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Biology Study Guide Final Exam Chapter 43

Biology Study Guide Final Exam Chapter 43 - Study Guide...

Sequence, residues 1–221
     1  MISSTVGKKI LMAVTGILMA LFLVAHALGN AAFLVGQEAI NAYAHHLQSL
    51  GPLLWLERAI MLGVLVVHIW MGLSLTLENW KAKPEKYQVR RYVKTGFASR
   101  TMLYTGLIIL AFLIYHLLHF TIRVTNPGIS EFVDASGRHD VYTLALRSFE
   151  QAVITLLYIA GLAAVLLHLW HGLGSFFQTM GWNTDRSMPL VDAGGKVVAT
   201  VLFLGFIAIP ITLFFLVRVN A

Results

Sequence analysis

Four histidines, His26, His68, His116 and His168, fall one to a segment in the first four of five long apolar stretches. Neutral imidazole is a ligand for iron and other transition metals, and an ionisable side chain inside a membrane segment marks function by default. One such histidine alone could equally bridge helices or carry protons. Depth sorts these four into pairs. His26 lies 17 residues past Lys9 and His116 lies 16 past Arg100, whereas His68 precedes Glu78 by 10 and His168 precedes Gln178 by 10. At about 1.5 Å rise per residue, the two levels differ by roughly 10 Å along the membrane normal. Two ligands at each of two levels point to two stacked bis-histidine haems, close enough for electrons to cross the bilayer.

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Study Guide: Final Exam Chapter 43: Immune Response 1. Nonspecific defense is known as innate immunity, a defense that is present before any exposure to pathogens and is effective from the time of birth. They are nonspecific, quickly recognizing and responding to a broad range of microbes regardless of identity. The second type of immunity is acquired immunity which comes about after exposure to certain pathogens. The white blood cells that detect this are lymphocytes and produce two types of immune responses. In the humoral response, antibodies bond to the foreign cell and mark them for identification. In the cell-mediated response, cytotoxic lymphocytes directly destroy the cells or tissue. 2. Examples of nonspecific disease include external barriers formed by the skin and mucous membranes and a set of internal cellular and chemical defenses that combat infectious agents that breach the barriers. Key players are macrophages, which ingest and destroy pathogens. 3. Phagocytosis is the digestion of invading microorganisms by white blood cells known as phagocytes. Some lymphocytes are neutrophils, macrophages, eosinophils and dendritic cells. Other microbial proteins include about 30 proteins that make up the complement system (which is inactive when bacteria are not present). Interferons, both alpha and beta, attack viruses and prevent them for spreading. Another group, defensins, damage broad groups of pathogens without harming body cells. 4. Natural killer cells patrol the body and aatach virus-infected body cells and cancer cells. Once one of these cells attaches to a virus cell, it releases chemicals that lead to the death of the cell by apoptosis, or programmed cell death. Although not 100%, it is helpful in the prevention of disease. This chemical death is different than phagocytosis (ingestion). 5. Inflammatory response is brought about when there is damage to tissue by physical injury or the entry of pathogens. One of the active chemicals involved is histamine, which is stored in mast cells found in connective tissues. This increased blood flow causes the redness ad heat typical of inflammation. 6. Although painful, this swelling and increased blood flow is critical to innate defense. An increased blood flow means there are increased clotting factors and phagocytes being brought to the area. This means that the infection and foreign bacteria will be swallowed by the phagocytes and prevent infection to surrounding tissues. 7. Some chemicals involved with inflammatory response are small proteins called chemokines. Chemokines direct the migration of phagocytes and signal them to increase their microbe-killing compounds. 8. Lymphocytes are the key cells of acquired immunity, the second major defense of the body.Any molecule that elicits a response from a lymphocyte is known as an antigen. Antibodies bind to antigens and destroy them. There are two main types of lymphocytes: B lymphocytes (B cells) and T lymphocytes (T cells).
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